One of the simplest bike garments, a cycling gilet is also one of the most useful. Also known as a vest or simply as a sleeveless jacket, a gilet protects your torso from the wind chill and sometimes from the rain too.
Your torso is your largest area exposed to the wind; by keeping it warm a cycling gilet helps keep all of your body warmer
By leaving your arms and especially armpits covered just by your jersey, a cycling gilet lets you sweat through those areas
Details & features vary: mesh backs are good for working hard or less-cold weather; some cycling gilets have pockets, some don't
Handy cycling gilet feature that's not mentioned often enough: a breast pocket for your front door key
It may not sound like a big deal, but the way a cycling gilet keeps your torso warm even though your arms are still out in the wind can make a big difference to your comfort. Keeping the chill from evaporating your sweat gives your clothing a chance to move it away from your body, and the windproof shell of a typical cycling gilet traps a layer of air against your body so that helps keep you warm too.
Fabric thickness and level of ventilation varies a lot between gilets, so you can choose one that’s best suited to your needs. Some have side vents, others have mesh panels at the back so you’ll be comfortable if you’re riding hard with your front protected from the breeze and heat able to escape at the back.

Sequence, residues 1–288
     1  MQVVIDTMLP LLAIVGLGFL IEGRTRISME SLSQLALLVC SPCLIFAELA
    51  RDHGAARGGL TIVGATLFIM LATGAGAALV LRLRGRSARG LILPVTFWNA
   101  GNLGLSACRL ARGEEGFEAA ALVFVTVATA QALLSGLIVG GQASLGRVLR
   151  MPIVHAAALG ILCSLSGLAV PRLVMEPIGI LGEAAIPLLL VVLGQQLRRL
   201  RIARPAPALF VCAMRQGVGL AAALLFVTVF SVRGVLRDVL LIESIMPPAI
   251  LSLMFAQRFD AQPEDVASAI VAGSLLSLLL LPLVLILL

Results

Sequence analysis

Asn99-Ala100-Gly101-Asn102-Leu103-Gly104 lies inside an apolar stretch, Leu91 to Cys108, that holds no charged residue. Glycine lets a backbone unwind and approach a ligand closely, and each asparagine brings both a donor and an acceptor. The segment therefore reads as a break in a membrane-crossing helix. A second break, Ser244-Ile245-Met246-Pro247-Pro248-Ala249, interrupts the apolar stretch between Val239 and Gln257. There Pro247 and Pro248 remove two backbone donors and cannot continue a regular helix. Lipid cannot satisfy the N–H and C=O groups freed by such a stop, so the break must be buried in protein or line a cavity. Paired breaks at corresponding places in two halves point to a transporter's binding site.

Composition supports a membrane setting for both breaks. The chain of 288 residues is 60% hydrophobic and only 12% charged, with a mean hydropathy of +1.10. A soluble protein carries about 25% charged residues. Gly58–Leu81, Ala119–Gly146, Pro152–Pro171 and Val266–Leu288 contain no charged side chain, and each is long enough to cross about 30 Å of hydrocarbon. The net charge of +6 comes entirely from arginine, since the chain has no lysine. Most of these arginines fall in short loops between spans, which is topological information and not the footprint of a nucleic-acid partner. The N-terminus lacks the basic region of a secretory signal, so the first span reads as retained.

Gilets intended for all-day riding in winter are made from thicker fabrics such as softshell or heavier breathable waterproof materials. Lighter fabrics are used for gilets that pack down small so you can stuff them in a pocket. They’re ideal for days when you know (or at least hope) that it’ll warm up after a chilly start, or to carry for sudden weather changes.
In the last couple of years clothing makers have introduced gilets that provide extra warmth from the latest ultra-light synthetic insulation. These are useful for extra protection when it’s very cold, or for cool-weather casual cycling; they’re usually styled so they look fairly normal off the bike too.